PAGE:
According to a poll conducted by Quinnipiac University, 56 percent of New York City voters feel that police issuing summonses and making arrests for low-level offenses improves the quality of life in a neighborhood.
Police action improves the quality of life, 49 percent of black voters say.
New York City voters support 60-34 percent, with very little difference among black and white voters, having police issue summonses or make arrests for low-level quality of life offenses, the independent Quinnipiac (KWIN-uh-pe-ack) University poll finds.
Support for the so-called “Broken Windows” policy is 61-33 percent among white voters, 56-37 percent among black voters and 64-34 percent among Hispanic voters. By a 61-33 percent margin, with almost no difference between blacks and whites, voters want police to enforce quality of life issues in their neighborhood.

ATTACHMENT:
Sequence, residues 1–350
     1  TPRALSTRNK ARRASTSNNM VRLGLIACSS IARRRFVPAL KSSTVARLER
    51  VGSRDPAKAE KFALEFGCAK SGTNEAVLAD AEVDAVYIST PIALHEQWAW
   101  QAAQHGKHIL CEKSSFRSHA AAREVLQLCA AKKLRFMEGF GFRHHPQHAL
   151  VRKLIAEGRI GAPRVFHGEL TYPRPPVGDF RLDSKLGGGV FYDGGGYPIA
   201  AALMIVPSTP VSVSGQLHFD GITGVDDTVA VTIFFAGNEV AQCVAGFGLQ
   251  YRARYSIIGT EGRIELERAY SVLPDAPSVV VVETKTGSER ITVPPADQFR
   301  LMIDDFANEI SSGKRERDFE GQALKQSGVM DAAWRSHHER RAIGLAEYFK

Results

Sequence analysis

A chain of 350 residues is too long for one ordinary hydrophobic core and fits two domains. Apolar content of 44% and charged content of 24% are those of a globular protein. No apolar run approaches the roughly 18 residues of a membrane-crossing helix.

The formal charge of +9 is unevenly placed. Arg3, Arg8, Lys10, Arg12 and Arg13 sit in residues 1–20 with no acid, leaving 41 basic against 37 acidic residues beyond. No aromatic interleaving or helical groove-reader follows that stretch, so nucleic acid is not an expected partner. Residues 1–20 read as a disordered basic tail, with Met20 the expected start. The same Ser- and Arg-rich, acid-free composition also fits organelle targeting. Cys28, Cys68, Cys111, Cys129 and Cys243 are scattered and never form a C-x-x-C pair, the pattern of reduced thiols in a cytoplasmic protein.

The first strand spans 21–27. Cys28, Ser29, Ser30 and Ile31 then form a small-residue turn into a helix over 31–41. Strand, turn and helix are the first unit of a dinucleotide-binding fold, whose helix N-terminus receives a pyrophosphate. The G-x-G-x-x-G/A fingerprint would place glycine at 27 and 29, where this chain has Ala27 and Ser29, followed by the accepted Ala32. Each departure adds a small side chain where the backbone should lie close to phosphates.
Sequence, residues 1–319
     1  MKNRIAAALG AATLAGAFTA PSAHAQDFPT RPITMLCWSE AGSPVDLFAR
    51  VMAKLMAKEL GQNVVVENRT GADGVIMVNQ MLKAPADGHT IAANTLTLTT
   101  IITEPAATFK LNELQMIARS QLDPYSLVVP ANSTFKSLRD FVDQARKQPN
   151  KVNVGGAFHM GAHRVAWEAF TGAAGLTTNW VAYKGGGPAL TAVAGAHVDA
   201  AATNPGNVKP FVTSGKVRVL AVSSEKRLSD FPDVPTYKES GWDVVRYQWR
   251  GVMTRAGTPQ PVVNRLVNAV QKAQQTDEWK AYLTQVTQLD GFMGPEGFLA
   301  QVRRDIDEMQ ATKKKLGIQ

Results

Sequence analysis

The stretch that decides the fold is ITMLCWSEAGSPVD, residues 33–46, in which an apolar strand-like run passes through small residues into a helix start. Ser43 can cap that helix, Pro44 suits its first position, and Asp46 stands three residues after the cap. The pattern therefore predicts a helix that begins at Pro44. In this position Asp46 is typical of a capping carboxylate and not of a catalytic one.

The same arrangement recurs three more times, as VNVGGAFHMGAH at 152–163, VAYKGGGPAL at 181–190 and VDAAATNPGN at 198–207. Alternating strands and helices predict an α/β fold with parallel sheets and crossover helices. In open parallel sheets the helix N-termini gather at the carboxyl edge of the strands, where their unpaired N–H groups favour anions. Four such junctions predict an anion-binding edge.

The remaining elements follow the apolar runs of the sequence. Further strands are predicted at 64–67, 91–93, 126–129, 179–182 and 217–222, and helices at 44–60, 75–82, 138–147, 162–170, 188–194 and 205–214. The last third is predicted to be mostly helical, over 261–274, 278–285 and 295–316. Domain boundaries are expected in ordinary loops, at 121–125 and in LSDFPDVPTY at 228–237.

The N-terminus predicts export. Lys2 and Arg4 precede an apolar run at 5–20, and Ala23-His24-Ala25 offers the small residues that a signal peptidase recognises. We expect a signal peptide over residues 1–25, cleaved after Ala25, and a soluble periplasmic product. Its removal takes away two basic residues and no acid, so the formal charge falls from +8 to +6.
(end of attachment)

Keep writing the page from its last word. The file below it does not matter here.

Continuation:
74 percent of voters polled say police brutality is a “very serious” or “somewhat serious” problem, the highest number since 78 percent in a 2001 survey.
47 percent of black voters want police to stop someone for selling loose cigarettes illegally on the street in their neighborhood, even if it means making an arrest, while 40 percent say police should ignore this type of activity.
Overall, black residents in New York remain negative about cops citywide. Despite these sentiments, 68 percent of voters say there is no excuse for how police acted in the death of Eric Garner, while 24 percent say police action was understandable.
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